INSIGHT: Growing confidence in embattled chemicals

22 March 2010 17:06  [Source: ICIS news]

By Nigel Davis

LONDON (ICIS news)--Confidence is improving in chemicals and is seemingly more broadly based than just a few months ago.

Companies have reported a 2009 year-end running against the seasonal norm. Restocking has continued into 2010 in multiple supply chains.

Operating rates have climbed but generally remain low, however. The rubber, polymers and fine chemicals maker LANXESS said last week that its plants were running at 70% of capacity.

Product continues to be drawn to China, which has provided most of the momentum for growth since the start of 2009. The capacity of China's economy to absorb a broad range of chemicals has proved immense.

LANXESS' synthetic rubber business has been buoyed by growth in China as well as demand for winter tyres in Europe and North America. Just how sustainable that demand is, however, remains to be seen. And the company is facing a steep rise in its butadiene raw material costs.

Yet demand recovery apparently continues across a broad front. The American Chemistry Council (ACC) has issued an upbeat outlook for the US economy and forecast a clear improvement in chemicals output in 2010, which it expects will rise by 7.8%.

The news is encouraging but the ACC is also realistic. Given the extent of the decline, it could be 2013 before the prior peak in chemicals output in North America is reached, it says.

Globally, the chemical industry is recovering well and this year recovery is expected to morph into expansion before further growth in 2011 and 2012. Not surprisingly, the strongest growth is expected in emerging markets “while the developed nations continue to face challenges”.

Increased sector confidence reflects pointers from the wider economy that the situation has improved.

INEOS said on 17 March that it wanted to raise close to €1bn ($1.35bn) from its lenders to help improve liquidity. The company carries an expensive, heavy debt burden. It sees its chemicals and polymers businesses improving, although it has to operate a hard-pressed refining operation.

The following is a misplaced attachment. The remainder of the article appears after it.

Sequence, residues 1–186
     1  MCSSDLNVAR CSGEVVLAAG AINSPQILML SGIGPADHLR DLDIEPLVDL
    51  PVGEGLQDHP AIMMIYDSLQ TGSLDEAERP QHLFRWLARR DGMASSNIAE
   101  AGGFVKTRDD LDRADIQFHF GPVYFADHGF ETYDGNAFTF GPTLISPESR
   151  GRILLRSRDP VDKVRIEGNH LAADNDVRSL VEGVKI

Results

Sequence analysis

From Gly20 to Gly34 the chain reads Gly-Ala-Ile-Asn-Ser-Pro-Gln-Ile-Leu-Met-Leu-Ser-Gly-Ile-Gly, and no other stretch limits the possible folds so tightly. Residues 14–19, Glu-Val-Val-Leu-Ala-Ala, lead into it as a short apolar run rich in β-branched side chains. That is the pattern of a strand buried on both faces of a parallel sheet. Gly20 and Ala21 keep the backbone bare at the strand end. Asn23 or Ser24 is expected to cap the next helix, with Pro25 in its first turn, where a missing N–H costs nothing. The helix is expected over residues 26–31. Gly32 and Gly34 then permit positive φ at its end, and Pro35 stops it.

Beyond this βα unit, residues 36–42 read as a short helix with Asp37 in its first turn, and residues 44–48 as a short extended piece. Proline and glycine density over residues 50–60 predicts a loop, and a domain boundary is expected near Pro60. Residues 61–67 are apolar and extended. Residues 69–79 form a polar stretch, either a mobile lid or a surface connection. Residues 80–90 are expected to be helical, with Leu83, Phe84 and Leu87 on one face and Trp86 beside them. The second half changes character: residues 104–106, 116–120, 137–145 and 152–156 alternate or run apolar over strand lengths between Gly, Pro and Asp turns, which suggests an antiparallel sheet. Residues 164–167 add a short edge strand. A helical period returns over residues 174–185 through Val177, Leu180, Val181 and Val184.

In balance, however, the outlook has improved. The firm’s bonds are trading higher and it looks a great deal healthier than at the start of last year.

Lenders suggested the move  a step that indicates broader confidence in the sector and in the outlook.

Investors have also taken to the Kerling (INEOS chlor vinyls) spin-off, which was recently recapitalised.

INEOS is by no means set fair. Its ratio of debt to earnings before interest, tax, depreciation and amortisation (EBITDA) is 6.8 times. But credit rating agency Moody’s said on 18 March that it looks to a time when the ratio might approach closer to 5.

The ratings agency doesn’t expect INEOS to pay down any of its principal debt any time soon, so no disposals perhaps. It is confident, however, in increased cashflow from the company.

INEOS is driven as much by tighter markets as by demand growth.

Petrochemicals producers and others in the chemicals sector have been surprisingly good at passing on the higher oil cost in higher product prices.

Does that mean that they are offering better products  or better solutions, perhaps? It does mean that they continue to run their plants to match market demand.

Planned as well as unplanned outages are tightening supply. Balancing supply and demand will be vitally important in a 2010 that is expected to remain difficult.

In an interview with ICIS news last week, LANXESS management board chairman Axel Heitmann stressed that competitiveness is key; that is, the international competitiveness of each and every operating facility.

Companies have to be encouraged now by the way they are able to generate more cash. But there have to be calls on that cash, which must be managed wisely.

Borealis, for instance, last week suggested that 2010 would likely be tougher for it not easier than 2009 was.

“We think the economy is still nervous, and although we see some recovery, we believe it will be more difficult for our company because we are starting up both Borouge 2 and a LDPE (low density polyethylene) plant at Stenungsund in Sweden,” he said. Borealis is set on a growth path that in difficult times it has to find some way of funding.

These are not good times by any stretch of the imagination, but the near future for chemicals currently does look just that bit brighter.

Te brighter outlook should encourage some players to take bolder steps to help the next stages of improved global competitiveness.

($1 = €0.74)

Read John Richardson and Malini Hariharan’s Asian Chemical Connections blog
For more on LANXESS, INEOS and Borealis, visit ICIS company intelligence
To discuss issues facing the chemical industry go to ICIS connect

By: Nigel Davis
+44 20 8652 3214

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